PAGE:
Is it possible to avoid running injuries?

Global Therapies: Tim during the Coniston fell race

I was having a chat with another runner recently about running, injuries and the prevalence of injuries to runners of all types. The conversation mostly focused around chronic injuries rather than acute- “ow, I’ve run into a tree” type injuries. I did a bit of digging and a bit of thinking and ended up with something that turned into this blog. Interesting stat: The biggest predictor of being injured as a runner is not to do with mileage, climb, time on feet, running surface, shoe type or anything like that; it is the answer to the question “have you been … Continue reading

Breathing Troubles – Asthma flare up

Way back in around 1996 I was diagnosed with asthma. It wasn’t terribly bad, I used daily steroids for a while and the blue salbutamol inhaler occasionally. My reference point for how bad asthma could be was very high – a girl I was at junior school with would be regularly hospitalised because of her asthma. The effect on me was minor issue in comparison, it barely bothered me. Over the last seven years I’ve been a regular runner, taken part in various races from 1.2 mile fell races through to marathons and 55km ultras. I can run pretty well, … Continue reading

Vasovagal syncope… fainting on a phd.

I have been taking part in a phd project that involves walking on a treadmill at 10% gradient for 90 minutes at an altitude of 4000m. I can’t really say all that much more about exactly what was going on with the tests etc, suffice to say that I had done a few tests, and had done a few stints both of walking at that altitude, a VO2 max test at altitude and a 3km time trial under the same conditions and everything was hunky dory. Then I went in for my first 90 minute session. I was fasted, like … Continue reading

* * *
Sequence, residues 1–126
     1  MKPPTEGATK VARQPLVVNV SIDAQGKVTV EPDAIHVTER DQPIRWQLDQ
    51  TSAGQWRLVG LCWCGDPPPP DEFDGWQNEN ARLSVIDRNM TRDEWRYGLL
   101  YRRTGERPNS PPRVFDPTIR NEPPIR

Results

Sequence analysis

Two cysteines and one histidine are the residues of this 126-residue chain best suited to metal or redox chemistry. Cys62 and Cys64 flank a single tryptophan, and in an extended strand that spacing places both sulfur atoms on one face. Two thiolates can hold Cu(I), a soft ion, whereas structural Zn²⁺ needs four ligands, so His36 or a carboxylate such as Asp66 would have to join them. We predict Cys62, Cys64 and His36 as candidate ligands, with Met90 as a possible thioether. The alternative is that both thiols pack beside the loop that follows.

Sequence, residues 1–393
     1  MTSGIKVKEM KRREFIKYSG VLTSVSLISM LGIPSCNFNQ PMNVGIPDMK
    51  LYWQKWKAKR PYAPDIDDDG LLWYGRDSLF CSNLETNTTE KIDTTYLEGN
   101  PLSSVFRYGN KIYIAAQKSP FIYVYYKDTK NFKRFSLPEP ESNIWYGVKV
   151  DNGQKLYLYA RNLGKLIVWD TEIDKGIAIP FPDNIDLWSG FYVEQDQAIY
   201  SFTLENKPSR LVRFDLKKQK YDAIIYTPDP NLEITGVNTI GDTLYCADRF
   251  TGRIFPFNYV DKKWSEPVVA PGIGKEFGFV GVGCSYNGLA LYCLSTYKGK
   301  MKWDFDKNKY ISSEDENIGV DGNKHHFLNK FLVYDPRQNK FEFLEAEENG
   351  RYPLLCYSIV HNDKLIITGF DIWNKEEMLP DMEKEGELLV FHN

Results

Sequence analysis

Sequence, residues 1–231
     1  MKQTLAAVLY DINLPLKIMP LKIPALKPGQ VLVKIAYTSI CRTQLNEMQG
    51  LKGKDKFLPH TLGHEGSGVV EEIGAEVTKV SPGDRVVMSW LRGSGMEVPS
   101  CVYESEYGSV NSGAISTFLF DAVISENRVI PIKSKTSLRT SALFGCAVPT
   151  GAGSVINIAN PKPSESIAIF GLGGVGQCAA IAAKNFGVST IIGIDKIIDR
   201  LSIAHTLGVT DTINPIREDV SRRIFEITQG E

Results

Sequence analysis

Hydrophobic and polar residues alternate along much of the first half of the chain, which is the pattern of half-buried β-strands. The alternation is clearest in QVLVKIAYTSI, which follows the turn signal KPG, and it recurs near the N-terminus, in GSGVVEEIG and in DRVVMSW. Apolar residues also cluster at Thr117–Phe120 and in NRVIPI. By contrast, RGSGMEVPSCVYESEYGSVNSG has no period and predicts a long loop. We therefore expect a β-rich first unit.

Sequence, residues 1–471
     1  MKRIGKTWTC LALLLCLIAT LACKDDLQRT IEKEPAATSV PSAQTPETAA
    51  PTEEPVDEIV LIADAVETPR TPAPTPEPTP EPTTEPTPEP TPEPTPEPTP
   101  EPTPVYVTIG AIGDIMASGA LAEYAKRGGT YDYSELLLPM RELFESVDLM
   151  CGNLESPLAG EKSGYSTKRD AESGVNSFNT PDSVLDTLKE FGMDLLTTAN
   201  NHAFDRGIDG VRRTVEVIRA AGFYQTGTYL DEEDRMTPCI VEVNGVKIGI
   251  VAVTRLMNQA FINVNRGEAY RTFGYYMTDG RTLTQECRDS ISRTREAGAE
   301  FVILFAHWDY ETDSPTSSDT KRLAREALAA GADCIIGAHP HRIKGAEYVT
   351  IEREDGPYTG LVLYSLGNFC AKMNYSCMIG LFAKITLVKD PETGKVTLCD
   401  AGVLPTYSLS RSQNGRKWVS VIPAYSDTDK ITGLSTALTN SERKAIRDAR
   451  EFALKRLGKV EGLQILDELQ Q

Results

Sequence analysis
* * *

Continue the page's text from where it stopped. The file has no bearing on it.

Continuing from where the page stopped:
No Cricket?

With the cricket season fast approaching, I’ve had a couple of cricketers come through the doors asking for advice on things from strained backs to rotator cuff (shoulder) issues. One came in as a “no-longer” cricketer having been told by his doctor that he should no longer play the sport because of elbow pain and the fact his arm was not getting full range of motion from his elbow. This guy came to see me for physiotherapy because of a completely unrelated incident- more of a back pain from small children getting bigger, and still wanting to be thrown in … Continue reading

Will you be my Valentine?

Valentines Day  – the time when gifts are given to demonstrate love. But what are those gifts usually – chocolate, alcohol, luxuriously rich meals out, flowers?  How good are they for heart health? We would like to challenge the belief that to show your love you need to ‘indulge’ in gifts that are detrimental to heart health. This year why not set out to improve your loved one’s Heart Health? Massage – treat your partner to a hot stone massage, sports massage or even a physiotherapy appointment to get that niggle they’ve been mentioning for months finally looked at. Our … Continue reading

Myth Busters & Back Pain

There have been a series of posts and posters from the CSP recently with the hashtag #mythbusters. I have a couple of posters up in my clinic and they were pointed out to me by a client today – and so I thought it might be good to do a quick blog about the 4 that I have on the wall. They all relate to back pain, as that was the original mythbuster thing. It was an attempt to get people to realise what we do and don’t know about back pain, and to give them a chance to make … Continue reading